New York

“New Video: Japan”

This exhibition of 23 recent video works by Japanese artists opened with Video Letter, 1982–83, a visual and aural correspondence between the poet Shuntaro Tanikawa and the filmmaker Shuji Terayama. This feature-length work begins with the sound of a music box being wound, then the sound of a childhood lullaby. A roll of film is slowly unwound, frame by frame: the image of two young men in intimate, laughing togetherness . Then a number of blank frames of film, and the grayish photograph of a young boy. Tanikawa says, “I found old photographs of you from the 1960s.” A poem is read. The first simple letter is over, and it has affirmed an elementary interpersonality, between the correspondents themselves and between them and the eavesdropping audience. One’s critical esthetic eye has been effectively disarmed.

In Terayama’s reply, the pages of a book slowly turn, setting up one of Video Letter’s major themes: the tension between word and image, the spoken and the unspeakable-between, in Japan, two kinds of glyph. Tanikawa attempts to make aural and visual perception directly metaphysical through the excruciatingly slow accumulation of drops of water and the repetition of set expressions of speech, indicating how the oily fluidity of language passes over the water of being, never mixing with it. The personal reasserts itself in the next letter from Terayama, who begins by saying, as he takes one Chinese box out of another, “Thank you for a lot of words but the question is that the word is not a letter or a voice but it is a meaning. . . . Nothing but the meaning can resurrect that which is breaking down. . . . ” The letter continues, becoming a complex poetic dialogue of increasingly demonstrative images and increasingly remote ideas.

Video Letter is an eloquent articulation of the Japanese ability to deal with abstract metaphysical issues without losing a sense of their profound bearing on immediate interpersonal experience. just as it affirms the simultaneous discreteness and inseparability of word and image, it affords Tanikawa and Terayama the impersonal distance necessary for them to explore the depths of their personal relationship while maintain in gits transcendent quality as an end in itself. It is a brilliant demonstration of what video can achieve: extract the extraordinary subliminal moment from the ordinary flow of immediate events without destroying the sense of the plasticity of either. The ambivalence inherent in the immediate—its seeming meaninglessness yet meditative potential—is manipulated to the full in Video Letter, and made to seem an innate quality of the medium.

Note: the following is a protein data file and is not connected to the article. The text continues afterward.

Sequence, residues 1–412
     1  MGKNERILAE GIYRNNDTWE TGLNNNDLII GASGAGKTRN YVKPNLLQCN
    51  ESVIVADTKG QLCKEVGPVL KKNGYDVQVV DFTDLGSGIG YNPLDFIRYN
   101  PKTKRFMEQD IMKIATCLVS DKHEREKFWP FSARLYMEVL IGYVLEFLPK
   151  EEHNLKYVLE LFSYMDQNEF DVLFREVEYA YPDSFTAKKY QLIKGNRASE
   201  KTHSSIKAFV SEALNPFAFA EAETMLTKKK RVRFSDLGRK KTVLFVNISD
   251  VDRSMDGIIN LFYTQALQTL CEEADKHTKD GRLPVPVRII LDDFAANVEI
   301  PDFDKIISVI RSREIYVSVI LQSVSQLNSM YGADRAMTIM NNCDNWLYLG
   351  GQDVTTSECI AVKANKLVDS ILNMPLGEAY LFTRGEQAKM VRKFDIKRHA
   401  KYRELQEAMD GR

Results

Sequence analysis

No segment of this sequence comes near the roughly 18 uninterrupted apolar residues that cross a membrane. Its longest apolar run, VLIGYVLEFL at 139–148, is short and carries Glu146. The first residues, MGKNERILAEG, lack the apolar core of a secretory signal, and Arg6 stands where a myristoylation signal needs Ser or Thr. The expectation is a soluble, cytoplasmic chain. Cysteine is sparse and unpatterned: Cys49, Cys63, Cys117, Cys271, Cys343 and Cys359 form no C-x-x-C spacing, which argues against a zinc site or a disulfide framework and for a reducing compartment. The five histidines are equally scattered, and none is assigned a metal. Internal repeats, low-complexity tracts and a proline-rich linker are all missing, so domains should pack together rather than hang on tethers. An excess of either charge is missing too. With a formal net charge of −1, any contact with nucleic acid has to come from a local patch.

Two less-elaborate yet faster-paced works—Maitreya, 1984, by Masabi Fujihata, and Hard Scratch, 1984–85, by Daizaburo Harada and Haruhiko Sha no—also illustrate the irony that pervades the japanese experience of intimacy, but by radically different mean s. In them the robotic and the organic integrate, in the first quite literally, through computer animation, and in the second through the mechanism of rock rhythm. Their insistent contemporaneity only lightly conceals the endemic tension between obligatory interpersonality and defensive impersonality made explicit in Video Letter. Japanese tact is evident: the ability to maintain detachment—Zen “no mind”—while locked in the embrace of inescapable intimacy with the other. In japan , otherness is respected yet denied by being turned into a metaphysical symbol. Of the entire exhibition, these three works seemed to capture this ambivalence most completely.

Donald Kuspit